This review is from: Wagner: Die Meistersinger (Audio CD)Madememusica observes that Rudolf Schock in the "venerable" Kempe recording has the "second ugliest" tenor voice on records--with the strictly-from-hunger Nicholas Di Virgilio, whom I heard many times in Baltimore in the late 60's and 70's, the ugliest. No question, Di Virgilio is an undistinguished vocal presence--that he recorded at all is the oddity here; but have we forgotten the dreadful Fillipeschi, and the horrible Gianni Poggi? And among the Germans, what about Hans Beier and Hans Hopf? Schock was an astoundingly popular singer in Germany and Austria, and although I don't love him much myself, his countrymen regarded him as the real thing. A really ugly-voiced, stiff-jawed, leathery German barker to me (Wagner asked that his works be sung in an Italianate way--I know some listeners will respond "what does that mean?" and I'd suggest comparing Schock to Heppner, another great Canadian, for a demonstration). Mattila is now being touted as the great hope of the Verdi repertoire. The Solti set is, indeed a landmark, as is the Kempe. Can any Wagner recording be advanced as perfectly cast? I'd be curious to hear listeners' opinions on that.
5.0 out of 5 stars The major trade-off: Rudolf Schock for Karita Mattila,
This review is from: Wagner: Die Meistersinger (Audio CD)I concur with everything Laon from Sydney stated in his most excellent review--one of the best I've seen on this site--but would like to add a few comments.
The now-ancient-but-venerable Kempe recording, made at the tail end of the Golden Age of German singing, contained a mostly marvelous cast: Elisabeth Grummer, Ferdinand Frantz, Gottlob Frick, etc. The marvelous character singers Benno Kusche and Gerhard Unger portrayed Beckmesser and David. In this late Solti recording, most of the substitutes are equally excellent, in fact Alan Opie has an even better voice than Kusche, and Herbert Lippert sings an outstanding David. Karita Mattila, however, is not a flawless Eva: as Laon points out, her voice is a tad mature (though I would place her age as being late 30s/early 40s, no younger). I would also add that it has a pronounced flutter-vibrato in the high range, not out of control but not always pleasing either.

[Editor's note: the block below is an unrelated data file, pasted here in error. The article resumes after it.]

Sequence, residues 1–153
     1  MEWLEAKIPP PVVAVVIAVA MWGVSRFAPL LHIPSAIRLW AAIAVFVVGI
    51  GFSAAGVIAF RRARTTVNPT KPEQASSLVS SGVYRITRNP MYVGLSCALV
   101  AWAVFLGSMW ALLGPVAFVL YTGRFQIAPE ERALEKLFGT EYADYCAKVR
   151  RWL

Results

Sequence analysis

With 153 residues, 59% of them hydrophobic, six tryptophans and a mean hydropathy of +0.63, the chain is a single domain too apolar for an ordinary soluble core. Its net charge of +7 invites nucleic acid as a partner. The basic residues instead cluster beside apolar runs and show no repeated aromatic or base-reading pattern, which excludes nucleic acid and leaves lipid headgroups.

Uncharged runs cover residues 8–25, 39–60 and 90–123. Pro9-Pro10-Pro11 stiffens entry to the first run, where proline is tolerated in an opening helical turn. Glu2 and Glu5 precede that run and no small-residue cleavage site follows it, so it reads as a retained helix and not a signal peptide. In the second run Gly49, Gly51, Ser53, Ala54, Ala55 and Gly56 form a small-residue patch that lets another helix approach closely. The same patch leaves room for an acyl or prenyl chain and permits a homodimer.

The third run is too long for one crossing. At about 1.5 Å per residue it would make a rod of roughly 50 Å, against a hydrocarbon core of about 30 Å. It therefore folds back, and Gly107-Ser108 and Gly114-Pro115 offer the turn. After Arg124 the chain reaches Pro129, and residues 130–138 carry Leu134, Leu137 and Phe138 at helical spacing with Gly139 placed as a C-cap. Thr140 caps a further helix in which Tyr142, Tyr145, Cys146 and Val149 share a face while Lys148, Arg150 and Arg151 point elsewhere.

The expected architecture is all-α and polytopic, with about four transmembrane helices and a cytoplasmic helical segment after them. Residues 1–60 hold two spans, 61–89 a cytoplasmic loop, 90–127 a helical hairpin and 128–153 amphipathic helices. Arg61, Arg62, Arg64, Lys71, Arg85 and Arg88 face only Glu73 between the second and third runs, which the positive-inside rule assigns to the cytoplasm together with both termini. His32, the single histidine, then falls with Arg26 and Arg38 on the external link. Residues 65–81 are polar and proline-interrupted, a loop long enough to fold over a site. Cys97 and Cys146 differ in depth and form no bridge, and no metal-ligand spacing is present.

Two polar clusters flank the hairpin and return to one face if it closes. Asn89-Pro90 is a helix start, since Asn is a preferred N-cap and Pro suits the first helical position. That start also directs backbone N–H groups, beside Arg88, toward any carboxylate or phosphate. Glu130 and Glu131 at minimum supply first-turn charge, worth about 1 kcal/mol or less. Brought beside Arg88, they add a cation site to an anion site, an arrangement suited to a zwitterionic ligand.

HOWEVER! (Three exclamation points! ) The Kempe set has RUDOLF SCHOCK, the second ugliest tenor voice in the history of the world (the first ugliest was Nicholas DiVirgilio). He is throaty, unsteady and often inelegant, damaging factors for Walther who, after all, is supposed to be THE "Master Singer." Indeed, he even goes hoarse twice during the Prize Song, which to me disqualifies him entirely as an adequate Walther. (Why Walter Legge did not use his golden boy Nicolai Gedda for the role is utterly beyond me; in 1956, Gedda's voice was still steady, creamy and dreamy, perfect qualities for Walther.)
And so we have what I call a major trade-off: a good but not-quite-perfect Eva in the Solti recording (though she DOES float some high notes beautifully, and the Quintet brought tears to my eyes) vs. a totally inadequate Walther. Heppner, by the way, sings so beautifully that the voice doesn't even sound "real," it sounds like an ethereal voice coming down from the heavens (plus he gives us a serviceable trill in "Am stillen Herd," which is practically unheard-of nowadays). Indeed, the only really substandard singer in the Solti set is the Night Watchman... in Kempe, we get the masterful Hermann Prey at the start of his great career. But still, given the excellence of the cast, the almost 3-D sound, the exquisite playing and singing of the Chicago Symphony Orchestra & Chorus, plus NO RUDOLF SCHOCK, the Solti set wins hands down.
5.0 out of 5 stars Finally, a great stereo _Meisteringer_,
This review is from: Wagner: Die Meistersinger (Audio CD)I'm talking here about Solti's second Meistersinger recording, with Ben Heppner.
This is, I believe, the classic recording of one of the two Wagner operas that has so far not been lucky on CD - the other is Die Walküre, in which Fürtwangler's near-definitive recording with Martha Mödl is weakened by the unbelievably stupid decision to record it in mono, and Solti's reading, also near-definitive, is weakened, it has to be admitted (however much one admires the artist), by Hans Hotter's wobbling and hooting in Act III. The other leading Walküre set, the Leinsdorf, suffers from neither of these recording or vocal faults, but is not quite as great a performance. There's still a gap in the catalogue for a truly great Walküre, without serious and debilitating flaws.